This means that there are no real-world consequences for writing bad verse.  As long as your work fits within a certain mold and you hobnob with the right folk, you're in like flynn.  No matter that your books don't actually sell -- and therefore no one reads your work, you can get acceptance as a "poet" and fleece wannabe poets out of tuition and workshop fees.  Now, this is a great system to get in on, for the established poets.  It's a terrible system for poetry, however, and we've seen the 20th century take poetry from the lips of the masses to the quips of asses.  

It's time we wrote not for tenure but for people.


Kirby Olson said...

I loved your line where you said that they were so GOOD at it. Nice hit, and wow, so true. LANG-PO are like self-organizing bacteria!

Patrick said...

I haven't visited Silliman's blog in months. He really doesn't have all that much to say - to me at least. The last time I was there he was making the same arguments.

I just followed your link. I have no idea who all the respondents are. However, my guess is that they are all involved in the poetry *business* - professionals and students. No one outside the poetry business would ever go to Silliman's blog to learn anything about poetry.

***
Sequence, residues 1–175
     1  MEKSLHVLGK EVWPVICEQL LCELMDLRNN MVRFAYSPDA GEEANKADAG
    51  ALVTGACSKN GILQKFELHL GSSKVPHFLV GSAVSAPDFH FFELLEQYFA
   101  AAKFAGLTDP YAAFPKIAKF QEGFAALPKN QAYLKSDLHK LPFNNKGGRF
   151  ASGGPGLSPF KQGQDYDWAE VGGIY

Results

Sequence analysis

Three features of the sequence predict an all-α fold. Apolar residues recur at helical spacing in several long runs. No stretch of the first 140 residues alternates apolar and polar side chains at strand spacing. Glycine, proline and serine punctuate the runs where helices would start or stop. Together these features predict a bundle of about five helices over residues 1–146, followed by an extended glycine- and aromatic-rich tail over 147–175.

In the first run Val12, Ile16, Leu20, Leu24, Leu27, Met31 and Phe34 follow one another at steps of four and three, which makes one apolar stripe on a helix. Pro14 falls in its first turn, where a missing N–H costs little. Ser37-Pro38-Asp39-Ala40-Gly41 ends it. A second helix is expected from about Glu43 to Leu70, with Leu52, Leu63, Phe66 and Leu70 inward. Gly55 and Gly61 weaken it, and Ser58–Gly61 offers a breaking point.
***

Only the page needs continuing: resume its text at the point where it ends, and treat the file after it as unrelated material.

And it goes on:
Silliman's blog is an "insider's blog". And to the extent that modern poetry is a largely an irrelevant art form, Silliman's opinions are probably of interest to .01 of .01 percent of the reading public.

I wouldn't get too exercised about his opinions unless you want to end up in that same pool of minnows.

Nobody is listening to him.

Well... ok... I think I maybe counted 12 or 13 individuals who commented on his post - out of the billions of people on this planet.

Get busy writing poetry. It's the only thing that anyone will remember - if anything at all.

G. M. Palmer said...

Patrick --

Producing art is only one half of it. Art must also be distributed. Silliman, for good or ill, represents at least a portion of those involved in poetry distribution (even if they're doing a piss-poor job of it).

Ergo, as a writer concerned with both the production and promotion of better, more-appealing poetry, I feel inclined to give a retort to Ron.

Also, the Walcott dustup was the most press poetry's gotten in a while.

Still no actual poetry in the news though. . .

Nice to hear from you, anyway -- how are things in VT?

Patrick said...

//Producing art is only one half of it. //

Yes, but it's the only half that's remembered. No matter how much mediocrity is pumped out by mediocre editors and artists, none of it will be remembered. I'm not worried. Even in terms of distribution, Silliman is mostly irrelevant.